By Carlton Tan
Over two days, 24 and 25 March, members of Australia’s Senate and the House of Representatives expressed their condolences at the passing of former Singapore’s Prime Minister, Lee Kuan Yew.
On 25 March, the Australian government passed a motion to “record its deep regret” at the death of Mr Lee, and “place on record its acknowledgement of his role as the founding father of the modern Singapore and tender its profound sympathy to his family in their bereavement.”
This was after 11 senators and house representatives delivered their tributes in Parliament.
The politicians praised Lee Kuan Yew for his astounding achievements in bringing Singapore economic prosperity and racial harmony despite its vulnerabilities, his creation of a corruption-free government and an attractive business environment, and his provision of affordable housing for Singaporeans.
They emphasised Lee’s huge role in all this and further recognised his contributions as a statesman. They credited him for Australia’s strong diplomatic and military ties with Singapore, and attributed ASEAN’s success to him. No mention was made of Singapore’s other founding fathers.
Here are the highlights of what they said.
Lee Kuan Yew’s role
Prime Minister Tony Abbott: “It is one of the great success stories of the modern world, thanks to the ideas, the drive and the judgement of Lee Kuan Yew and thanks to the talents of the Singaporean people which he unleashed.”
Leader of the Opposition Bill Shorten: “Labor pays tribute to the father of modern Singapore and a principal architect of harmony and prosperity in our region. Lee Kuan Yew owns a giant legacy of many dimensions”
Tim Watts: “All of Singapore’s achievements are intrinsically linked to Lee Kuan Yew and his leadership.”
Lee Kuan Yew as role model
Chris Back: “Lee Kuan Yew was a towering figure throughout the region. He was very influential on China and its direction over time. I, for one, think the world is poorer for his absence.”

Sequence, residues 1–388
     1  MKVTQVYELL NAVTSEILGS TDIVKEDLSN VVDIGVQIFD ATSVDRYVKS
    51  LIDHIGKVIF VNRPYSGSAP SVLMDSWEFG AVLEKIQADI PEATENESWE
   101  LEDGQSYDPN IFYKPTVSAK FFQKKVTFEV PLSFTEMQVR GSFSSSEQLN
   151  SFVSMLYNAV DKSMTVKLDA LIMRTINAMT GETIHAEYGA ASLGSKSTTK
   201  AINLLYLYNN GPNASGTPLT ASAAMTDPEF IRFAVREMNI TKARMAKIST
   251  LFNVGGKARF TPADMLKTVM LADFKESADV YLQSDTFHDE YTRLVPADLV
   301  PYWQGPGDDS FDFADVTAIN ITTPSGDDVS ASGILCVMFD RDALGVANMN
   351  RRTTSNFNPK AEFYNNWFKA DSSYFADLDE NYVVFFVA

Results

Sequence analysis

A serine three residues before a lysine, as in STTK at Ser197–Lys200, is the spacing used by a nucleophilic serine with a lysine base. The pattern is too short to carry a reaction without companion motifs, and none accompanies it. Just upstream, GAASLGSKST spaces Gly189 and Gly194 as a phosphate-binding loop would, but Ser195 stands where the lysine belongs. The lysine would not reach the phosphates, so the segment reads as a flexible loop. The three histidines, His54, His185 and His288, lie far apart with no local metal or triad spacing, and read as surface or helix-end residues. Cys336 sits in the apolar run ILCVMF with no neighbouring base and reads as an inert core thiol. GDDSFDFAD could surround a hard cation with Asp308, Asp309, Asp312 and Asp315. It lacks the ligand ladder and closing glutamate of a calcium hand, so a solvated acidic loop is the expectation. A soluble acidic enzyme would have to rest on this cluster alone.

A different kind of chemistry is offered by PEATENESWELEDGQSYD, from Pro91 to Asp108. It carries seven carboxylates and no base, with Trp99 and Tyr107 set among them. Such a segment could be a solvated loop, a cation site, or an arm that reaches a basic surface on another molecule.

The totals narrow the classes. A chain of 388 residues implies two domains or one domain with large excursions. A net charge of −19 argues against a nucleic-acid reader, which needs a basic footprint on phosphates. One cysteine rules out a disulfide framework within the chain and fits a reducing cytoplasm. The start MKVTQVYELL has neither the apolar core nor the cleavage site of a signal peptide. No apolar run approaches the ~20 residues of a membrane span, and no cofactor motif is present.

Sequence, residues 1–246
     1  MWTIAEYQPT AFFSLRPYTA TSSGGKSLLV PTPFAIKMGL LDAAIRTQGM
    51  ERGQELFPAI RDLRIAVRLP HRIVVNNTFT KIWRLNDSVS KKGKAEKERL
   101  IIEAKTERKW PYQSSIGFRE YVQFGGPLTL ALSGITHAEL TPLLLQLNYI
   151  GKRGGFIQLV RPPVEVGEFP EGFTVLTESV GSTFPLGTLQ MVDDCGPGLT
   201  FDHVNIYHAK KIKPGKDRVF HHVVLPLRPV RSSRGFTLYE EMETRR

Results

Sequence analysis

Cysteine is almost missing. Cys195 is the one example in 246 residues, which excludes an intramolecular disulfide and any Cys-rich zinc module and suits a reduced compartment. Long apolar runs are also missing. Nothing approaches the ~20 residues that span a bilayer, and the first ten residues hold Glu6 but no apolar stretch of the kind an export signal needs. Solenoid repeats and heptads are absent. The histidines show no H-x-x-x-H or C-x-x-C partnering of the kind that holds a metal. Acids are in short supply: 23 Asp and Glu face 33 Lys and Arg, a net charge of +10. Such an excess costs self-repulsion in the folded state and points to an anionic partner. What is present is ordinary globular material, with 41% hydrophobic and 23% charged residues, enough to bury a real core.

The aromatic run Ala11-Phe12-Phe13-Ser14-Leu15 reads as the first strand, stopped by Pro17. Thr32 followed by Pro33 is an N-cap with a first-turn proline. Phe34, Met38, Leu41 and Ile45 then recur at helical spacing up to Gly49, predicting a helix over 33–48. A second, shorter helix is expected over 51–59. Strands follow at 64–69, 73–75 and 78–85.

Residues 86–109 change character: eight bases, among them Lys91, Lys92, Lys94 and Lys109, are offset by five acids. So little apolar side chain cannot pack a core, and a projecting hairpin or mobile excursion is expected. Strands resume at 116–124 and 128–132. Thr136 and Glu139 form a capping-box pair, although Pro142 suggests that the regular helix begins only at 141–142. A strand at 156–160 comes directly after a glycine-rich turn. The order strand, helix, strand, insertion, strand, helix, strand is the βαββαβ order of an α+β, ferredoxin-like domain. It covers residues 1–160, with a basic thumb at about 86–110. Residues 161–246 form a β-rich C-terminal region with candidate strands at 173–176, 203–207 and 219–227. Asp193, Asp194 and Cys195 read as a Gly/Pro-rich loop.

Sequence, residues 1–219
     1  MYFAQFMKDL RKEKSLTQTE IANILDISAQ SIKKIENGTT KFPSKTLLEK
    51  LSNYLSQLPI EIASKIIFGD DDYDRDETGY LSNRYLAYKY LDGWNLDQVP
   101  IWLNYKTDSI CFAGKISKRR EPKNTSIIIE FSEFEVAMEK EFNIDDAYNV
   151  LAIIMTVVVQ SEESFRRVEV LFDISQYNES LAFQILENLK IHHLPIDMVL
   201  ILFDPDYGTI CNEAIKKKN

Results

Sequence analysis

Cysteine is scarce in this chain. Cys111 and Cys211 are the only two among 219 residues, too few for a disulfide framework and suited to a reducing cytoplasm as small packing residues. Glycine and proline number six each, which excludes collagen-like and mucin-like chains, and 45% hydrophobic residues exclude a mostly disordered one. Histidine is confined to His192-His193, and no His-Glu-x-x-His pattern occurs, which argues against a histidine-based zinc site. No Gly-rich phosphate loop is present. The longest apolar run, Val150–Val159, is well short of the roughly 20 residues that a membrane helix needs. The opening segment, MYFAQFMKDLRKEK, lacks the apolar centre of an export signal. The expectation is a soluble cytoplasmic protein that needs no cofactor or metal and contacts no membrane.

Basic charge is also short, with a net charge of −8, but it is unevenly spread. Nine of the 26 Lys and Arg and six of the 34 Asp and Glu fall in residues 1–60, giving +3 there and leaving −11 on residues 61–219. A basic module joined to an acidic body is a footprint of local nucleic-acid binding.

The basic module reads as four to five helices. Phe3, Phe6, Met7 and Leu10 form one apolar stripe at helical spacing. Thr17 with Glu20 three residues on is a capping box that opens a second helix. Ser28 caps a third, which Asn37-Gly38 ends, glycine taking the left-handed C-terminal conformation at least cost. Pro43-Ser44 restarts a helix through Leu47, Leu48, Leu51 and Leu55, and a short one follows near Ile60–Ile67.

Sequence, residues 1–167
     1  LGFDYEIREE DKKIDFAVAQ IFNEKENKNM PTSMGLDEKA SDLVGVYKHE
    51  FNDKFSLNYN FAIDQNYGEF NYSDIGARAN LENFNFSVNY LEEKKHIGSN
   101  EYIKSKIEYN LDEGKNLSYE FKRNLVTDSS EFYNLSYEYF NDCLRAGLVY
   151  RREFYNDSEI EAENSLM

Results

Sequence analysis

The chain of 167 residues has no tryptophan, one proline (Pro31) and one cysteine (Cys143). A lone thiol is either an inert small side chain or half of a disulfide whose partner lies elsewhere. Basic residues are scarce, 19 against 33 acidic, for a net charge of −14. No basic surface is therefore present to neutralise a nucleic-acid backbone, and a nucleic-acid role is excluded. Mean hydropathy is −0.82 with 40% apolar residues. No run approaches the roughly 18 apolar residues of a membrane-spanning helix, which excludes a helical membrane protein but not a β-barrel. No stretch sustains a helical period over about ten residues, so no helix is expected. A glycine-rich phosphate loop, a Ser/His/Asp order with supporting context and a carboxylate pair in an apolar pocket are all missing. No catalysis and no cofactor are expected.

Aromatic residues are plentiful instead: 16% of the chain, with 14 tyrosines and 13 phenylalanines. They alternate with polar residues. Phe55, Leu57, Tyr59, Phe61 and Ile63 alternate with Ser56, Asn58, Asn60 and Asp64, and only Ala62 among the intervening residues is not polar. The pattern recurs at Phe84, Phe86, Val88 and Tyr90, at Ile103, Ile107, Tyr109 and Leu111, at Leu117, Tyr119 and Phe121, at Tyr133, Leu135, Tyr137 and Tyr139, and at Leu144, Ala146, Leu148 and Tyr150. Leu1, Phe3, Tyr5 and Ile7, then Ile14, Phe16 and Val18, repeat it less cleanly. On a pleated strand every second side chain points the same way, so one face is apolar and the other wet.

Joe Hockey: “The Singapore model has, in fact, become the template for much of the development of modern Asia as we know it. It is little wonder that Deng Xiaoping, in his transformation of China, found Singapore a model to follow. I have always been a great admirer of Lee Kuan Yew—an admirer of his intellect, his values and his generosity.”
Tony Abbott: “Lee Kuan Yew did not just lead his country; he made his country. In the mid-1950s, when he first came to prominence in Singapore, his country was poor and friendless. Today, it is rich and well connected.”
Tim Watts: “Under his leadership, Singapore moved from a Third World country devoid of natural resources to one of the world’s wealthiest nations. The scale of its rise is unparalleled anywhere else in the world. Singapore is one of the safest and least corrupt places to do business, and it is the major banking and trade centre of the region.”
Kelly O’Dwyer: “Under Lee Kuan Yew’s direction, as Prime Minister from 1959 to 1990, Singapore was transformed from a Third World economy to a wealthy and economically competitive nation.”
Tony Smith: “For a nation the size of Singapore, as previous speakers have said, a very small nation in a very unstable area, at the time of independence there was no reason to expect it would survive as a nation, let alone thrive in the way it has.”
Tony Smith: “When you think of the fragility of Singapore at its formation, that decade or so of breathing space where so much of the development occurred was a point that Lee Kuan Yew felt free to make at every opportunity because, as we have heard, in so many ways he was prepared to call things as he saw them and to do so in a very straightforward and blunt fashion.”
Joe Hockey: “How a tiny place, a fraction of the geographic size of Tasmania and devoid of natural resources, including limited water, could become one of the world’s most powerful and dynamic economies yet one of the world’s most stable nations is in itself something of a miracle. The man—the miracle worker—who made all this happen was unquestionably Lee Kuan Yew.”